With the change to the earlier time and increased traffic on the Westside, attendance began to dwindle, and by July 2019 only two members were attending regularly. Karen Golden then stepped up to the plate to revive the group. Under her stewardship, the group began meeting quarterly at the Robertson Branch Library on Sunday afternoons from 3:00pm to 4:30pm. Then in March 2020, due to the coronavirus, the group began meeting virtually via Zoom and went back to meeting on a monthly basis again.

The group has no official membership—"We would rather be an organism than an organization," Kathleen once said—but there are 197 people on the mailing list. The form of the meetings is an open story-swap: everyone is encouraged to tell a story, with a suggested time limit of eight minutes (originally ten) to limit the damage from wandering tongues. Longer stories can be told in the second half, if few want to tell that night. Sometimes there's a guest teller. Each month a different member acts as MC. Refreshments are served during the break. From time to time the group will produce a concert, called a Tellabration or a Bash, featuring regularly attending members.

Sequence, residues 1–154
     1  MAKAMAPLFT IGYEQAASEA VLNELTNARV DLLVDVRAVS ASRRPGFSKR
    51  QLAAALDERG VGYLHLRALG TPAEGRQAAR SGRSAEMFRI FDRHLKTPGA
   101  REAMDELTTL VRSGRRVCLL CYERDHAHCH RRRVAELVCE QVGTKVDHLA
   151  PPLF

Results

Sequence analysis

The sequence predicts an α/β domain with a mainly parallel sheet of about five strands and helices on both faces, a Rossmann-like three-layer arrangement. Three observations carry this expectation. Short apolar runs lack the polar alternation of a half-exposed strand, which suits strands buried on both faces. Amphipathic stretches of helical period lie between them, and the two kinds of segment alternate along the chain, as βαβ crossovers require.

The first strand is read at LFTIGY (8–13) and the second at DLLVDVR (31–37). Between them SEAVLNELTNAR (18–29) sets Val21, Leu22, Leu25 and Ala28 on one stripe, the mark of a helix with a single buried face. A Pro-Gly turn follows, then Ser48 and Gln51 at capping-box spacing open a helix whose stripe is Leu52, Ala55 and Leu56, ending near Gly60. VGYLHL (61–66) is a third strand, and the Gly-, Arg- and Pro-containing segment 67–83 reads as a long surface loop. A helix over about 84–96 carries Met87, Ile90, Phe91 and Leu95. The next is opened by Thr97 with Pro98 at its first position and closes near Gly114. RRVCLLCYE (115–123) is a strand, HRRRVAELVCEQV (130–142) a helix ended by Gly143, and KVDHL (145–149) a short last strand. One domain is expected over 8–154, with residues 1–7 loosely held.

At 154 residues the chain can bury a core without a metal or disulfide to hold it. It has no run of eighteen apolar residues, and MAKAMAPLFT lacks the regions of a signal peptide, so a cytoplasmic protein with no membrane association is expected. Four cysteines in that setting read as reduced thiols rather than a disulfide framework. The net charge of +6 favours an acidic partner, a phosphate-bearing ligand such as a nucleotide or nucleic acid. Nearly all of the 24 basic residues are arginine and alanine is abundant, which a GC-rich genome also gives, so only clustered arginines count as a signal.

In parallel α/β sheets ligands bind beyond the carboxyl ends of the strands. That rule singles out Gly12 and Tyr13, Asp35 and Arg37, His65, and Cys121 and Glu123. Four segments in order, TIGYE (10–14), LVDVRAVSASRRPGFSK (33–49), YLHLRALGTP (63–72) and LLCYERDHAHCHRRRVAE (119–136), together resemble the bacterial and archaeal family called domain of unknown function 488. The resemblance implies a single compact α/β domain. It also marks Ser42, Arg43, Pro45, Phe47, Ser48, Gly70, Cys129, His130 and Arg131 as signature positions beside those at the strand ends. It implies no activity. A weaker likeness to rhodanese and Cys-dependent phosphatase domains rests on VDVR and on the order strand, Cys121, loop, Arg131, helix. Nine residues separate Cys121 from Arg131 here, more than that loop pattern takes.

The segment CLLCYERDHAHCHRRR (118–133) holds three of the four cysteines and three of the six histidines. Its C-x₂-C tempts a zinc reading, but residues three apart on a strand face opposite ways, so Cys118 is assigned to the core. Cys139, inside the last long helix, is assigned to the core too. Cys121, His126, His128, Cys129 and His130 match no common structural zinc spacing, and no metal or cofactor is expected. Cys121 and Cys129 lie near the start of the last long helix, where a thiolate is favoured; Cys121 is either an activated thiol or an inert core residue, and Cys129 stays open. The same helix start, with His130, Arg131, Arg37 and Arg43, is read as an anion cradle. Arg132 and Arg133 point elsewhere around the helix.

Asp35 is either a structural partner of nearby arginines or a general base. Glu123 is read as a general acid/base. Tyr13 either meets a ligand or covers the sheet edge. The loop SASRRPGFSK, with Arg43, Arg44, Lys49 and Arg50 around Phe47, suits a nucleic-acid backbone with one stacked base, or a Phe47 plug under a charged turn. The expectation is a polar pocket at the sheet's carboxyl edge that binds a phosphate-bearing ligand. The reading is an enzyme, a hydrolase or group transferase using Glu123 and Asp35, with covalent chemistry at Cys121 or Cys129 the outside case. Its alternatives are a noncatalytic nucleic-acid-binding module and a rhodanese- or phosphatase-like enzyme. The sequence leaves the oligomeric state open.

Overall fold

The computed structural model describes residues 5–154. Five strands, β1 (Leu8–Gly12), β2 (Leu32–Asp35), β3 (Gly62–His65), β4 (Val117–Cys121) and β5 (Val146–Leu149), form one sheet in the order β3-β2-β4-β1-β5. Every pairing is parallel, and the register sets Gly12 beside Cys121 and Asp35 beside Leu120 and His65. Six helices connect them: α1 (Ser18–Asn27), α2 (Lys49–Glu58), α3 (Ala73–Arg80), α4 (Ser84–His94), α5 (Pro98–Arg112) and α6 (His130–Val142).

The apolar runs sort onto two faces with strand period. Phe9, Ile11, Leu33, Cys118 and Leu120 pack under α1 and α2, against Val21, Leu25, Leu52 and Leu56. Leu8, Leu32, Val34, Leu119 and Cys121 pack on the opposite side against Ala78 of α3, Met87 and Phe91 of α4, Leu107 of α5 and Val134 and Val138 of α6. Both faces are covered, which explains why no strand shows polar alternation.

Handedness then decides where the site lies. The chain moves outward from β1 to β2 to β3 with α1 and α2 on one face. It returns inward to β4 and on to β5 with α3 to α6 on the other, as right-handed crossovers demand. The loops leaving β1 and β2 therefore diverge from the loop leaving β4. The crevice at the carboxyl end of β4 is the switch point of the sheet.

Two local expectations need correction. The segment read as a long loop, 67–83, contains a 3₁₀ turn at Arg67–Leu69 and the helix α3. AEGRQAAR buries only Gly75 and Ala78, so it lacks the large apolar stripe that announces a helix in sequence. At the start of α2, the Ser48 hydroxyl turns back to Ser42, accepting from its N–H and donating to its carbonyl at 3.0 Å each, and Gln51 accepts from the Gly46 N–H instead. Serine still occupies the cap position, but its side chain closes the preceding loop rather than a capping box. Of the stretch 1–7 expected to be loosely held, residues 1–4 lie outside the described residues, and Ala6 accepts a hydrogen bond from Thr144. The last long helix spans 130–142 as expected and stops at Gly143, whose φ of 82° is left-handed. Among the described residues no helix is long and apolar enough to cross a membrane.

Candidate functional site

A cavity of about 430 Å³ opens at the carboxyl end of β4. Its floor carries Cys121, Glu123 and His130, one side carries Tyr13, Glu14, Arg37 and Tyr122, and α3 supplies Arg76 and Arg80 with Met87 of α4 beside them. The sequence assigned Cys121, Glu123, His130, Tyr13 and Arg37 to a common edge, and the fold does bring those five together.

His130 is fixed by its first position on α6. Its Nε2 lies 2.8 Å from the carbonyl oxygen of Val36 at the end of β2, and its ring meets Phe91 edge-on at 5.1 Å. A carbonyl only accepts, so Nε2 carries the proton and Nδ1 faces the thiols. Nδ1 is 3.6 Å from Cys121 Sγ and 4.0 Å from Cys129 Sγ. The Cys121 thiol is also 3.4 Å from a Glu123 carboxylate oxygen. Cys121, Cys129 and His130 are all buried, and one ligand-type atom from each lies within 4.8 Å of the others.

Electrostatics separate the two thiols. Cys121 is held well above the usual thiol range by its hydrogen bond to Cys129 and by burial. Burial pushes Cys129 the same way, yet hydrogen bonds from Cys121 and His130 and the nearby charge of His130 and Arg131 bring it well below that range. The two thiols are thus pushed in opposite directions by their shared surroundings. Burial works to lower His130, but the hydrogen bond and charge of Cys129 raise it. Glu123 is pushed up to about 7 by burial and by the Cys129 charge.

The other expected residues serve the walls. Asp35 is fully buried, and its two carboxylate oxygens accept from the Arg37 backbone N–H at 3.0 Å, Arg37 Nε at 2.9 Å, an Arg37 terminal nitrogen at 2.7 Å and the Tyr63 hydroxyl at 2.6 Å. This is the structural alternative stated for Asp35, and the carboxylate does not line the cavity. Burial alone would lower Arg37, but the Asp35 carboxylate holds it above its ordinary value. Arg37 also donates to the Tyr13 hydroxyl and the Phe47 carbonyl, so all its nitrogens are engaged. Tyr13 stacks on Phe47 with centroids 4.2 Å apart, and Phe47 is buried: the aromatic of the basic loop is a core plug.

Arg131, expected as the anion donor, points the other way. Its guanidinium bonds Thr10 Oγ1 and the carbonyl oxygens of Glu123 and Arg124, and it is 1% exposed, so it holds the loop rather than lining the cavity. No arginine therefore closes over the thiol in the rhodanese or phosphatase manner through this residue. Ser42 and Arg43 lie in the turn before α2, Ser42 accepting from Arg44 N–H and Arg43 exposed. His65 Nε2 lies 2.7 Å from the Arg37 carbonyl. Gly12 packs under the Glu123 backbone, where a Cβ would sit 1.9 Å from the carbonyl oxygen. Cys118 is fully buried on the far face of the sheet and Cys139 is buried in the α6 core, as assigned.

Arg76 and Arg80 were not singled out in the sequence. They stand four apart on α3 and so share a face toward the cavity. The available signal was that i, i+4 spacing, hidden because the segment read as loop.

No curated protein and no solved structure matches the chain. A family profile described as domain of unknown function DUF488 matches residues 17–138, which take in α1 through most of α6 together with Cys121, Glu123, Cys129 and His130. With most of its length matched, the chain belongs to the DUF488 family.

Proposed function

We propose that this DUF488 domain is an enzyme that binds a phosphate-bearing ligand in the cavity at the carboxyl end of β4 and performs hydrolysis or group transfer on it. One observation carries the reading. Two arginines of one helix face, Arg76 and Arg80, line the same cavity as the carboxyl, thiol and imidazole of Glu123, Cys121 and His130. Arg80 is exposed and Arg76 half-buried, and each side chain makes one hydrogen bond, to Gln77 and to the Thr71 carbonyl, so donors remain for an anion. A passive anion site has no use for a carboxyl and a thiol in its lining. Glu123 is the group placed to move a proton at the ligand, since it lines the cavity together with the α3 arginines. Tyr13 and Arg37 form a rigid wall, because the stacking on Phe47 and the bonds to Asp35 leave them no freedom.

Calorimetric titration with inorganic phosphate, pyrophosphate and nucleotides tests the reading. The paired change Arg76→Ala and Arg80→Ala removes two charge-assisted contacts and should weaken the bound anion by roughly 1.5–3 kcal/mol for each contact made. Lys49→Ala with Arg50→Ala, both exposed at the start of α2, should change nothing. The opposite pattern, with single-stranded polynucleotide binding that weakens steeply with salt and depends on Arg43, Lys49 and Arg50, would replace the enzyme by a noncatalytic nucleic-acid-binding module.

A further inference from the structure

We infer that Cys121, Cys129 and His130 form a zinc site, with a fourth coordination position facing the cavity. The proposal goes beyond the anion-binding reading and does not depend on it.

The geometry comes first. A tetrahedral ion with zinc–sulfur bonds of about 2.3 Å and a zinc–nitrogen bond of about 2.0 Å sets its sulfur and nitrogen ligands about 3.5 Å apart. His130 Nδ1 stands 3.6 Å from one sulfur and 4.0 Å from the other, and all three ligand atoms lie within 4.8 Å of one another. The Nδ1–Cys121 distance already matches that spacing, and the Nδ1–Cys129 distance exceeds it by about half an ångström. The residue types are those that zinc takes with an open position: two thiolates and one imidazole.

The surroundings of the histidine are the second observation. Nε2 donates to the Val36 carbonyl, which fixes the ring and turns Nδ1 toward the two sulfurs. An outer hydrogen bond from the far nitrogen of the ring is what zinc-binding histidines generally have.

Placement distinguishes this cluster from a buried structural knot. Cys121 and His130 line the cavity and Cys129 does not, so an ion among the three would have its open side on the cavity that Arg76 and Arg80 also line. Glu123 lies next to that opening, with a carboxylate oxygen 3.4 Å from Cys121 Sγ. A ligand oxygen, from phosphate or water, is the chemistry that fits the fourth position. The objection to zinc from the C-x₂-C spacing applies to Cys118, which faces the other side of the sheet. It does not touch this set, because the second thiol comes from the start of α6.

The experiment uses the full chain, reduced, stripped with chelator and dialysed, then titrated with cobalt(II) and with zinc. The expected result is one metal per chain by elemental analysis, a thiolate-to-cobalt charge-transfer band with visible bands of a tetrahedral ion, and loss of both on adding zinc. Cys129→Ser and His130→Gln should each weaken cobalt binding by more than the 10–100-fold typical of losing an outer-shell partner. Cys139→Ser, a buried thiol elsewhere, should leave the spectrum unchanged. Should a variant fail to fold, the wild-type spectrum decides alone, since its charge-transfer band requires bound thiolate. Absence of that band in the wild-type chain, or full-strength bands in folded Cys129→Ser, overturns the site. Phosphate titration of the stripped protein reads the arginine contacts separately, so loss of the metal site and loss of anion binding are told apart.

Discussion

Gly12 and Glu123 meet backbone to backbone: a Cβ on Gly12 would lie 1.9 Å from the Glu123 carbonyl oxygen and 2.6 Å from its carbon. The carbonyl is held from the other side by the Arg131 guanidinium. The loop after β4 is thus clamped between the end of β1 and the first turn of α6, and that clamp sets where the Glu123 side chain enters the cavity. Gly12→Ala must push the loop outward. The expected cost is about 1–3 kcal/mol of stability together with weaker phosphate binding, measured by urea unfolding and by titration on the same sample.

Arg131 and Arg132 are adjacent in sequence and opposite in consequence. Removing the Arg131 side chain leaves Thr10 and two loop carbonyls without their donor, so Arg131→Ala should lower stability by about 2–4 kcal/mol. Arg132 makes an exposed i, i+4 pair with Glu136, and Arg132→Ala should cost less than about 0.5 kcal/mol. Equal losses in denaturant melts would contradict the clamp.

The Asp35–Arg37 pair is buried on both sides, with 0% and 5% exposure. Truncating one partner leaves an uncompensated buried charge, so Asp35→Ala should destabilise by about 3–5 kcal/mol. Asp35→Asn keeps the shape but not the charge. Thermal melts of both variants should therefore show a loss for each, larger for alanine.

Peggy started a newsletter of storytelling articles and events. Penny Post took it over in 1988 when Peggy moved to Palm Springs. When Audrey Kopp took it over in 1993 it became a calendar (StoryCal1993-2009.pdf). The final issue was mailed in September 2009 having been completely supplanted by the group's e-mail list, started by Leonard Ellis in February 2003, and the group's website, also started by Leonard in July 2009. In December 2019 the e-mail list transitioned from YahooGroups to and in August 2021 the website transitioned from classic Google Sites to new Google Sites.

Both Peggy Prentice and Kathleen Zundell are no longer with us. Peggy passed on in March 1995 and Kathleen in May 2009. But Community Storytellers continues to meet.

Compiled by Leonard Ellis in 2009/2010 and updated in 2019/2021 from the following sources:

Storyline vol 13 no 2 Summer 1997 — The Southern California Storytelling Scene... seen by Katy Rydell

• The storytellers' journey: an American revival by Joseph Daniel Sobol, (University of Illinois Press, 1999) — preface

• Burning brightly: new light on old tales told today by Kay F. Stone, (Broadview Press, 1998) — p40, letter from Kathleen Zundell, 12 May 1995

• Los Angeles Times, May 24, 1984 — The Storytellers — Art of Grabbing an audience by the Tale by Paul Rosta

• Los Angeles Times, April 24, 1994 — State of Mind L.A. Stories by Sean McDonald

• additional info contributed by Penny Post, Audrey Kopp, Karen Golden and Marsha Parkhill